happiness is up to me.

I asked God to spare me pain,
and God said, “No.”
He said, “Suffering draws you apart from
worldly cares and brings you closer to Me.”

I asked God to make my spirit grow,
and God said, “No.”
He said I must grow on my own,
but He will prune me to make it fruitful.

I asked God if He loved me,
and God said, “Yes.”
He gave me His only Son, who died for me.
And I will be in Heaven someday
because I believe.

I asked God to help me love others
as much as He loves me,
and God said,
“Ah, finally, you have the idea.”

~t


I Should Be Happy

I should be happy with my life because I’ve found God and His Church, but I’m not.

I should be happy with my life because I have two healthy, happy sons, but I’m not.

I should be happy with my life because I have a wife who is honest and loves our family, but I’m not.

I should be happy with my life because I have a full-time job, but I’m not.

I should be happy with my life because I am healthy, but I’m not.

I should be happy with my life because my family and I aren’t homeless or starving, but I’m not.

I should be happy with my life because I can just change my thinking and be positive, but I can’t.

I should be happy with my life because I can make changes and please my wife, but I can’t.

I shouldn’t be happy without my life because all my pain and suffering can end right here and now, but I am.

 


You Can Get Better: Struggling with Panic Attacks

I was inspired to write this post after reading an article about a former CNN reporter who struggles with panic attacks. Although both of ours stem from PTSD, my experiences seem to pale in comparison to the reporter’s; witnessing an electric-chair execution of a convicted murderer is something that I cannot fathom.

I can trace my PTSD back to my childhood. I lived in constant fear, wondering when my dad would explode with rage and begin beating my mother and me. Even now, when someone is walking too closely behind me, as the reporter states in the article, I “feel as if [my] world is ending. [My] heart is racing, [I] begin to hyperventilate, every nerve in [my] body is exploding — it seems [I'm] about to die, and [I] have an overwhelming sense of doom.”

Luckily, I now have medication and coping skills such as breathing techniques and prayer that help me when I get panic attacks.

The worst attacks come when I’m driving on a wide-open interstate or highway, however. The above symptoms usually force me to pull over to the side of the road. I have often been late to work or late getting home as a result.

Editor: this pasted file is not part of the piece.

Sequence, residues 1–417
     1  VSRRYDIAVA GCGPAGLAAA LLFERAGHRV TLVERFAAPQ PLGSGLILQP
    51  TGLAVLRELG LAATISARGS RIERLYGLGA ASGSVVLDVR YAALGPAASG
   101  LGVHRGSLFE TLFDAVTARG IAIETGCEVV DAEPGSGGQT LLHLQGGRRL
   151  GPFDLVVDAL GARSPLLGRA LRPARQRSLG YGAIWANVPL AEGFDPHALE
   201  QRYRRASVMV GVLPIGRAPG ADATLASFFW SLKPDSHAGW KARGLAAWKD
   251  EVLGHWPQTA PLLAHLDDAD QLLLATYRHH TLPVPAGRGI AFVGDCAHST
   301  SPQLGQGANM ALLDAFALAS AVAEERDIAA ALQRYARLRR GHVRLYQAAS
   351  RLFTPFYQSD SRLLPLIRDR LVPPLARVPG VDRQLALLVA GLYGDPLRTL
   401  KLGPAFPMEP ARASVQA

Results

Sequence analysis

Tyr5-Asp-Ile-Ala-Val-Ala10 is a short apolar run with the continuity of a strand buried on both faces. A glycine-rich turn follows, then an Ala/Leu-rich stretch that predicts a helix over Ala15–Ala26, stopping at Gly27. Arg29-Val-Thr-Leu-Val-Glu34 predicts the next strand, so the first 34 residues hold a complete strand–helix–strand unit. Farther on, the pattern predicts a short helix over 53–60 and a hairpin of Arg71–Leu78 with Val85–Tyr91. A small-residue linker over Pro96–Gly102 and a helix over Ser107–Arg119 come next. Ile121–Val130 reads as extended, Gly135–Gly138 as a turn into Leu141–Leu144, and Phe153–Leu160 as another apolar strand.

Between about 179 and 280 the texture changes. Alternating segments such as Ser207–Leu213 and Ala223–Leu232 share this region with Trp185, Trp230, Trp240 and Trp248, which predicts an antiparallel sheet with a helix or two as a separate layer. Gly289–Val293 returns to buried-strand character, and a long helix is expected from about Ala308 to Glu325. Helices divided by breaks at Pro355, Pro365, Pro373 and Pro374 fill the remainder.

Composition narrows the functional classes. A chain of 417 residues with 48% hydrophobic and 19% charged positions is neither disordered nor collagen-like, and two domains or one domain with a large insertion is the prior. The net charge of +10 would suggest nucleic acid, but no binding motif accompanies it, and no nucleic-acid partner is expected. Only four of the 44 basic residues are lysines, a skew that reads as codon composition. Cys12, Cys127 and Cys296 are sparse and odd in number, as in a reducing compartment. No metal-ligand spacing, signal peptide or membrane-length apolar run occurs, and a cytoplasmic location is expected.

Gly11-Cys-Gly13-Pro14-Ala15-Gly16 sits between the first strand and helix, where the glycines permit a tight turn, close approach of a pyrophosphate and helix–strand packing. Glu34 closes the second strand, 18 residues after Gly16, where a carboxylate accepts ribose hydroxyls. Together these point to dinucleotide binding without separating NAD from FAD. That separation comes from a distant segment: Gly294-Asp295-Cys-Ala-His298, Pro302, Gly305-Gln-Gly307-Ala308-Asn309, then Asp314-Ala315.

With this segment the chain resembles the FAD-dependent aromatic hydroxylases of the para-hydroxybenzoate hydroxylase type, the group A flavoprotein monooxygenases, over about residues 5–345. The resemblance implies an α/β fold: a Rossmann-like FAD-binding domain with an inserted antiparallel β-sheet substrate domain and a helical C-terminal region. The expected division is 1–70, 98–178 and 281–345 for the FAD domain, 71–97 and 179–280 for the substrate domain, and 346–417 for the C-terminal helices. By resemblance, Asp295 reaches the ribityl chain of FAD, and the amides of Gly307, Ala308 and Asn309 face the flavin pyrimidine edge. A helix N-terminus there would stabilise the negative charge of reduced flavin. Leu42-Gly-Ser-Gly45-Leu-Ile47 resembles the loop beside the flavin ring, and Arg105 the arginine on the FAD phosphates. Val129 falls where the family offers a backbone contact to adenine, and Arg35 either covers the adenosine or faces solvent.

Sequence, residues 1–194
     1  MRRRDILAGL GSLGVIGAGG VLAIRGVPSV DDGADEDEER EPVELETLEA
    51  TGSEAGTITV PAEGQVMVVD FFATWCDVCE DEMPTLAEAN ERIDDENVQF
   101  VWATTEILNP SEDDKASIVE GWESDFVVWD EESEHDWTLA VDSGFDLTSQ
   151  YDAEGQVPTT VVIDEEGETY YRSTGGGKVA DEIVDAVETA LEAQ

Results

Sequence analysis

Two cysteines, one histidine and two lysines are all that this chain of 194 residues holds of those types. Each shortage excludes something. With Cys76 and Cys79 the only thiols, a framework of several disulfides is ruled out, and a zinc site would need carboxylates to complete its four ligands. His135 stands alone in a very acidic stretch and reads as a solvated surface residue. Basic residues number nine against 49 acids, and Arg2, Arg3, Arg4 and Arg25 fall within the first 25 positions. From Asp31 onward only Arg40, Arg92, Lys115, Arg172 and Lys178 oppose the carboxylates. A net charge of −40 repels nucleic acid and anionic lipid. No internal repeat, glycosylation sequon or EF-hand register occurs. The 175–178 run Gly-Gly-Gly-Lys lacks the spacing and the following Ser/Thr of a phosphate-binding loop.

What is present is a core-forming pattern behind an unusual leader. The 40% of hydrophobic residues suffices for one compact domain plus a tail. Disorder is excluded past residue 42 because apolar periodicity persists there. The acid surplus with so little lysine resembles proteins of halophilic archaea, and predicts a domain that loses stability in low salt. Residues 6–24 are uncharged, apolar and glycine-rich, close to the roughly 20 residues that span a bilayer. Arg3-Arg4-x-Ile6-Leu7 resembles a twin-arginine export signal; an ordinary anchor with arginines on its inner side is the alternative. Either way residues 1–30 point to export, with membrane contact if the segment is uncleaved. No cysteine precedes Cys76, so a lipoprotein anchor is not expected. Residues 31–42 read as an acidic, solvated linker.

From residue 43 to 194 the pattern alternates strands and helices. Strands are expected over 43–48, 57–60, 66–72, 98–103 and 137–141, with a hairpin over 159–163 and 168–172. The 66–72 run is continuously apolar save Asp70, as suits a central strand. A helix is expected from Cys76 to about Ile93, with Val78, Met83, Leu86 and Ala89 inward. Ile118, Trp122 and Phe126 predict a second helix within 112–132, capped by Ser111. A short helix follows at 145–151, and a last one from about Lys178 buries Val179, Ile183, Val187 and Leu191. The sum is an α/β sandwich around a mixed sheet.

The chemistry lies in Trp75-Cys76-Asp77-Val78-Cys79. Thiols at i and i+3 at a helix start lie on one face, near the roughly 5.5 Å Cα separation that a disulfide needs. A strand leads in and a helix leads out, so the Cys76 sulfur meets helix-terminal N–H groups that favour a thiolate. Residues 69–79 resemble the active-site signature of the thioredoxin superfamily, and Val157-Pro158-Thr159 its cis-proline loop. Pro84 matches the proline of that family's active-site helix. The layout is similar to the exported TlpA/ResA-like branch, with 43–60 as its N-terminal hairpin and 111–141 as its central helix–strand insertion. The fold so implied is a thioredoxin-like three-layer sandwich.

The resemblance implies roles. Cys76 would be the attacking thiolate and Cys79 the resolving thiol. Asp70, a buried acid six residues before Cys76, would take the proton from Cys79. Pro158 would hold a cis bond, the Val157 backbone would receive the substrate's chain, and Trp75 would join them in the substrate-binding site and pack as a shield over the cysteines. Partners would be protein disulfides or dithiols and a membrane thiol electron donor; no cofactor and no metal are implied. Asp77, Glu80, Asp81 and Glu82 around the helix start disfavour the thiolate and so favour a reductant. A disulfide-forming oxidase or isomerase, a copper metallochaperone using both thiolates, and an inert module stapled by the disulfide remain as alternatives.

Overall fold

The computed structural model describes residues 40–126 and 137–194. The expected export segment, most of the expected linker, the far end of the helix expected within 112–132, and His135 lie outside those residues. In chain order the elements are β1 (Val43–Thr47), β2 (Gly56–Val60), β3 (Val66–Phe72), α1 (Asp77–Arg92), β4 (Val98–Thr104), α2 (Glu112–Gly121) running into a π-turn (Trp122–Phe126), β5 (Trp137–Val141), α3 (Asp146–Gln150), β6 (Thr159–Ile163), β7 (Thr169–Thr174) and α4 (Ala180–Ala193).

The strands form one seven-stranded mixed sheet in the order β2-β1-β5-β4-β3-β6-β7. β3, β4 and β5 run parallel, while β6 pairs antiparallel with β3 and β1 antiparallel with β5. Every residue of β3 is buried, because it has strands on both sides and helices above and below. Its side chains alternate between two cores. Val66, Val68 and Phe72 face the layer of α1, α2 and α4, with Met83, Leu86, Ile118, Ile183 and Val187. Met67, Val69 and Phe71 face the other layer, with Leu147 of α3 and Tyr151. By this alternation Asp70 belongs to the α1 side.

I can trace this back to my college days when I used to fly single-engine airplanes (Cessna 150s and 172s). One time in particular, I made the huge mistake of making a solo cross-country jaunt without feeling totally comfortable with my instruments. Who needs instruments when it’s a clear day? That’s what landmarks are for.

However, I failed to realize the consequences of a recent flood in the region: Once I got in the air, a uniquely-shaped lake had become completely unidentifiable. Seized with panic, I tried to figure out which way was which. I had to make it back to my tiny airport which had no control tower. It didn’t help that (a) the short runway resembled a postage stamp tucked away in the hills and (b) my precious fuel was being depleted.

I will probably always struggle with these panic attacks. What encouraged me about the reporter’s story, though, were his words toward the end: “For those going through anxiety issues, I have a message: You can get better, you can work through it. It may be therapy, medication, or just the realization that you aren’t alone.”

You are not alone. No matter what you are struggling with.

You can get better. There is hope.

~t


Sunday Musings: Do Not Worry

credit: wallpapersus.com

This is a section entitled Sunday Musings. It consists of thoughts, observations, and experiences that I have during or immediately after Sunday Mass.

It is a semi-regular feature; I will update it on Sundays as I feel inspired to do so.

 

1. Running into Church

I cant believe it. Yesterday I was wearing shorts and sweating at the park in 80 degree (26 C) sunshine. This morning, the temperature had plunged to 40 (4 C).

You would have thought the world was ending: everyone sprinting into church from the parking lot. Alas, no spontaneous conviction of sin; just cold Texans headed into a warm place.

 

2. Mass Disruption

I’ve been reading blogs by traditional Catholics who prefer the pre-Vatican II Mass in Latin. It’s definitely given me food for thought as to the modern innovations that have taken place in the past 40 years or so.

All of this came to mind in the middle of Mass this morning when the priest suddenly asked all parishioners to come to the altar in a chaotic mob and pick up a copy of a Lent booklet. It just didn’t seem like the appropriate time to do such a thing.